Fuzz Gets an Unpleasant Buzz!


bearwithbees


Beginning Reader
By: Jessica Parker

 

 

 

Rationale: To enable children to be successful readers, it is imperative that they learn to identify letters and the sounds that those letters make. The letter-sound correspondence is the foundation of reading and therefore requires explicit instruction. This is why I have chosen to teach the short vowel u and its sound /u/. In my lesson we will go over the u = /u/, spell words with this correspondent, and identify it in print and spoken language.  

 

Materials:
Letterbox set for each student

Chalkboard/ Dry Erase board

Letterbox set for the teacher (This is a piece of 8 x 10 colored card stock for each box.  This provides a letterbox that is big enough for the teacher to model for the class.)

Copy of Fuzz and the Buzz for each student or each pair of students

Primary Paper

Pencils

Letter cutouts for students and letters for the teacher. (The larger index cards would make nice teacher letters for the teacher letterboxes.)
Letters needed: p, u, f, f, a, l, t, o, b,
g, z, z, s, h, n, m, c, r, k,

Poster of Tongue Twister “My uncle was upset with his unruly umbrella!”

Crayons

Picture Worksheet (This is a teacher made worksheet that has different groups of pictures.  There are two pictures in each group, one that has the /u/ sound and one that does not.  Students have to circle which picture has the /u/ sound and then can color the pictures.)

 

 

Procedures:

 
1.)“Today we are going to learn a new sound for one of our alphabet letters.  That letter is u.  The sound that we are learning is the sound that u makes when it is alone in a word and that sound is /u/.  To make it easy to remember our new sound, we are going to learn a fun movement we can do with our bodies.  Have any of you ever had a time when you didn’t get something you wanted?! Well, I know I have and whenever that happens I always put my hands on my hips and say /u/. Demonstrate by putting hands on your hips and saying /u/. Now let’s see if everyone can do it. Remember to make the /u/ sound when you put your hands on your hips.  I like that attitude! Learning is fun and it’s important that we have fun while we learn.”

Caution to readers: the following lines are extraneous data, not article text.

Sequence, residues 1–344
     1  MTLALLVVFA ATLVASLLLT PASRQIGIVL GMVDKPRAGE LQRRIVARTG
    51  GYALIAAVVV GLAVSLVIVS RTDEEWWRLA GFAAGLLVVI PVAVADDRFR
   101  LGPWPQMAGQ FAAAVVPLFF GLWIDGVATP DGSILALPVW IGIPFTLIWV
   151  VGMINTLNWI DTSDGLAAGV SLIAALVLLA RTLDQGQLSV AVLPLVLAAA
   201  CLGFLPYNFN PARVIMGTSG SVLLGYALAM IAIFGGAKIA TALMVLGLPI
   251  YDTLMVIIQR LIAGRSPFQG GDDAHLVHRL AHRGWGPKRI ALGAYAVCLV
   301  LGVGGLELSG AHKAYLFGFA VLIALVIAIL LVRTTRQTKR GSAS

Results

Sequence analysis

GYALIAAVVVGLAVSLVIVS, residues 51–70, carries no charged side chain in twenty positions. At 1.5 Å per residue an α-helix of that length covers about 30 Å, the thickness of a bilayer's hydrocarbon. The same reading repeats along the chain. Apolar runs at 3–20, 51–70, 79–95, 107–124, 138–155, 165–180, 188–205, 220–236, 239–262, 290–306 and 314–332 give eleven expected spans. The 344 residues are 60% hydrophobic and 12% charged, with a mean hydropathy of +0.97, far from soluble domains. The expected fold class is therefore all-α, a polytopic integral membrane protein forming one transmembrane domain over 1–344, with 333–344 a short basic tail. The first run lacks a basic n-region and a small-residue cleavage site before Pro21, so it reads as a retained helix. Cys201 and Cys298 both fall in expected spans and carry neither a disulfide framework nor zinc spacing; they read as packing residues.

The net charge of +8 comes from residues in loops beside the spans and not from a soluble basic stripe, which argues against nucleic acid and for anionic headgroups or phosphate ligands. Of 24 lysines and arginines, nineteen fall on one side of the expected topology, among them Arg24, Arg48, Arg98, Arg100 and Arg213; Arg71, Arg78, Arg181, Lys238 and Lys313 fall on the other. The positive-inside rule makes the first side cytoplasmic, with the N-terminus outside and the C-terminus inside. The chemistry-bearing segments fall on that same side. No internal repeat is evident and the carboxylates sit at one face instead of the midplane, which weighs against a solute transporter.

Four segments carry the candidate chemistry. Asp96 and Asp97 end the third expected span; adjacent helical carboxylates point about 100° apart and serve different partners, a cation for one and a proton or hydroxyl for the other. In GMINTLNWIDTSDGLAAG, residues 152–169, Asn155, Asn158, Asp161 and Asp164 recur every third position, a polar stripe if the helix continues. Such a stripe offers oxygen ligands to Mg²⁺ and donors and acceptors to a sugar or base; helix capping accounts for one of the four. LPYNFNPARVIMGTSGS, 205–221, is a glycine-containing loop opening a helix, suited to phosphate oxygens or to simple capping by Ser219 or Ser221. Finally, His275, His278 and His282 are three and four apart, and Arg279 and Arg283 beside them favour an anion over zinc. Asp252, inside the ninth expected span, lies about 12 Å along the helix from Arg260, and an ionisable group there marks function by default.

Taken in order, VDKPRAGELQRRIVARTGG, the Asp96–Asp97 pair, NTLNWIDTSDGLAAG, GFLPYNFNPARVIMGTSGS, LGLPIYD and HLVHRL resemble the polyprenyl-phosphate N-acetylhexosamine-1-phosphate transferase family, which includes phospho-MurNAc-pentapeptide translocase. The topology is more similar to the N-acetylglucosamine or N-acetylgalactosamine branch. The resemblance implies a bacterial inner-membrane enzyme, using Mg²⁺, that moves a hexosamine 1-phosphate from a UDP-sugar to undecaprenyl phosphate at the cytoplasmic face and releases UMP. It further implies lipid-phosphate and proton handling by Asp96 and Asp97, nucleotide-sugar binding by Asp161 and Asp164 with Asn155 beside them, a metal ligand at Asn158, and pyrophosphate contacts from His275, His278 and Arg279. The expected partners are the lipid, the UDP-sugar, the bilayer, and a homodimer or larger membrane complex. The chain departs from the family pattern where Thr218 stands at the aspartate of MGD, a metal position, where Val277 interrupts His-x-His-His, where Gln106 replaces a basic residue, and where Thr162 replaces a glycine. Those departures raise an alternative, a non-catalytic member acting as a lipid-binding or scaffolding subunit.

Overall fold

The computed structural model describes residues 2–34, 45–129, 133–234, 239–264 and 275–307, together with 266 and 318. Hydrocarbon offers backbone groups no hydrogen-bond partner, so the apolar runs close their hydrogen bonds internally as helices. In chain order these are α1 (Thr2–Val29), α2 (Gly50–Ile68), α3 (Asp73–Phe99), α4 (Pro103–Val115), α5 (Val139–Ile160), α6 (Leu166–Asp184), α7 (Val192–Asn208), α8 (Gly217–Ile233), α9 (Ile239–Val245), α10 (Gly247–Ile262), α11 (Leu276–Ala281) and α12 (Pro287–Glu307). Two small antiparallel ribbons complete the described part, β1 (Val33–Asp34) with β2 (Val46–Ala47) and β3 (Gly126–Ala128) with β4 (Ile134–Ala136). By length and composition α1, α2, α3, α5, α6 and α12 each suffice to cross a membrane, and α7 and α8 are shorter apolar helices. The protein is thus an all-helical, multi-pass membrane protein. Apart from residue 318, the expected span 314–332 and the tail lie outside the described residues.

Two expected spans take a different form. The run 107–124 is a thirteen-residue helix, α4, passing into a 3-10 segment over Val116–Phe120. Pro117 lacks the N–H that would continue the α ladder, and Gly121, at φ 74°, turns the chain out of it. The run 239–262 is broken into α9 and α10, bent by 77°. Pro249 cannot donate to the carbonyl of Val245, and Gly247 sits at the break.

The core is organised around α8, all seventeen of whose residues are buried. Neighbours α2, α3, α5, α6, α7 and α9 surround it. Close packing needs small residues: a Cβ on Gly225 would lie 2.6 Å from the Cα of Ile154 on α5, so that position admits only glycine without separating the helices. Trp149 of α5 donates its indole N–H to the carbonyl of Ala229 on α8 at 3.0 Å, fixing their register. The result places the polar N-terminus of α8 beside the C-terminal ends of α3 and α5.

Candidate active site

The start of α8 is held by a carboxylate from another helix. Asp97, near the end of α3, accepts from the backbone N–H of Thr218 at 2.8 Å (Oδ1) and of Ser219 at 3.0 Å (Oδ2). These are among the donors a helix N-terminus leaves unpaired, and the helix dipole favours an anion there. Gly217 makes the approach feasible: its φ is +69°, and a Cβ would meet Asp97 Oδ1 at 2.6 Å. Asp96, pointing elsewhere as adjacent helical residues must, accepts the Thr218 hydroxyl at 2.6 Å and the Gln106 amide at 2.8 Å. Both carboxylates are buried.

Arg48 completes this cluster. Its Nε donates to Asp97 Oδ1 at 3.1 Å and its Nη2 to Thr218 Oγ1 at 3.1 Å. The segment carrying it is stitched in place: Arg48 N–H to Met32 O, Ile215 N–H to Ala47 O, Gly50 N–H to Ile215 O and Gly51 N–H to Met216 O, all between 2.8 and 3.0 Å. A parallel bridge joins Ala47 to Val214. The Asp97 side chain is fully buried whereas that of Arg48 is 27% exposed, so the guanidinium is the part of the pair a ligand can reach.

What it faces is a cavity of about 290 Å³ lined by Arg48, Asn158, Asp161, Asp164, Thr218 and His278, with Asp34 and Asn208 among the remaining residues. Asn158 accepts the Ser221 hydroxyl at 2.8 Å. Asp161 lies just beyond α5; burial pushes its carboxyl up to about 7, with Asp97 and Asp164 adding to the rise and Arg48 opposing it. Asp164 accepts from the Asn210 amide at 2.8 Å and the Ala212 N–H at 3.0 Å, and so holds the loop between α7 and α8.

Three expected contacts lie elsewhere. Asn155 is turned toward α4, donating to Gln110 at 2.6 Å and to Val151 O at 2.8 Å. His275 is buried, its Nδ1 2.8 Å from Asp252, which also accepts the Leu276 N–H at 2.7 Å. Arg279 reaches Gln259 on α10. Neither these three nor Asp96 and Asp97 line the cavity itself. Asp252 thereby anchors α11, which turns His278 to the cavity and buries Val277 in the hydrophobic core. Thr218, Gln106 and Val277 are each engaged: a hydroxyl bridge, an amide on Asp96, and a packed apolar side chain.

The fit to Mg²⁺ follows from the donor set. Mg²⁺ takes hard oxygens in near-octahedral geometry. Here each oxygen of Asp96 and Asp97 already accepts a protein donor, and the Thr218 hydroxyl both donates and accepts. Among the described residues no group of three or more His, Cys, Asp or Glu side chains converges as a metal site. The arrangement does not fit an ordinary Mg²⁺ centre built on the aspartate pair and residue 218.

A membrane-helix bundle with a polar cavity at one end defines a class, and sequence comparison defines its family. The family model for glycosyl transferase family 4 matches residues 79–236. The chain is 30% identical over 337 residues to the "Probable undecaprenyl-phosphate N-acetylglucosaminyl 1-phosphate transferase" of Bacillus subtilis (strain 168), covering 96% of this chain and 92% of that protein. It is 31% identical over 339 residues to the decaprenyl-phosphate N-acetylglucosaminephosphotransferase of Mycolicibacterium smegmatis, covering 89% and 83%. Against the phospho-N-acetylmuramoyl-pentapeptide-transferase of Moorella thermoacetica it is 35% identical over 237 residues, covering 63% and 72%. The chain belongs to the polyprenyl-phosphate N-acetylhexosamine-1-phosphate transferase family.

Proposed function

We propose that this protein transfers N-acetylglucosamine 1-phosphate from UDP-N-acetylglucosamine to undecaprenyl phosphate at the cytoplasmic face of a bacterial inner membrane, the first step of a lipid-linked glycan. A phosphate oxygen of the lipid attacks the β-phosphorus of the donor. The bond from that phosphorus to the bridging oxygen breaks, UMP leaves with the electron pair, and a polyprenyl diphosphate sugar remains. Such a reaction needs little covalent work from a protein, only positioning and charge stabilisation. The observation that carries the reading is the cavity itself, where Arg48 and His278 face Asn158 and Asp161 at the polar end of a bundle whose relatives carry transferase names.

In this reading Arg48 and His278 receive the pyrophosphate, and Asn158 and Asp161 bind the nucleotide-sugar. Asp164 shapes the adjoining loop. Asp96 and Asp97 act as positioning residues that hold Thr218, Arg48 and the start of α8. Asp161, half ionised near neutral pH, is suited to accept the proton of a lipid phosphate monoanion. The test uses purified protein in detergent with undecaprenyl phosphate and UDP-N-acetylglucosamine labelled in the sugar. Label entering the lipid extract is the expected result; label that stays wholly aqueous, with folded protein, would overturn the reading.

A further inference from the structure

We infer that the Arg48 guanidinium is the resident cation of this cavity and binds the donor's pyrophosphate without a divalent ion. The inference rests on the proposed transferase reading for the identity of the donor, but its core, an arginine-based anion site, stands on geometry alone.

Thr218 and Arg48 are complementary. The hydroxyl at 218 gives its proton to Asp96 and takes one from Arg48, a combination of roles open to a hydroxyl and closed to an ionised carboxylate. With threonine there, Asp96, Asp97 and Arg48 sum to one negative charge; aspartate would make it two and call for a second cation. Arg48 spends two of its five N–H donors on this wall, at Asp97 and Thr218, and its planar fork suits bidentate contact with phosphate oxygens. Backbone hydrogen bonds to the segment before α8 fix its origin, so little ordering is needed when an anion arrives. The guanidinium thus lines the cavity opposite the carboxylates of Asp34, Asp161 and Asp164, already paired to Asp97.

2.) “Now let’s learn a fun tongue twister with our /u/ sound in it. Put up the poster for all the children to see.  Our tongue twister says “My uncle was upset with his unruly umbrella!” Can anyone tell me what unruly means?  That’s right it means it doesn’t do the right thing.  Now I want us all to read the tongue twister together.  Thank you for all reading with me!  This time when we read our tongue twister I want us to stretch out the /u/ sound and when we do that let’s do our hands on the hips movement.  Everyone ready? “My u-u-u-uncle was u-u-upset with his u-u-u-unruly u-u-u-umbrella!”.  WOW, you guys are really good at this!

 


3.)Now have students tell whether they hear the /u/ sound in different words.  “I’m going to give you a choice between to different words and I want you to tell me which word has the /u/ sound.  Does cat or hug have the /u/ sound? Good. Sob or fun? Jump or dance?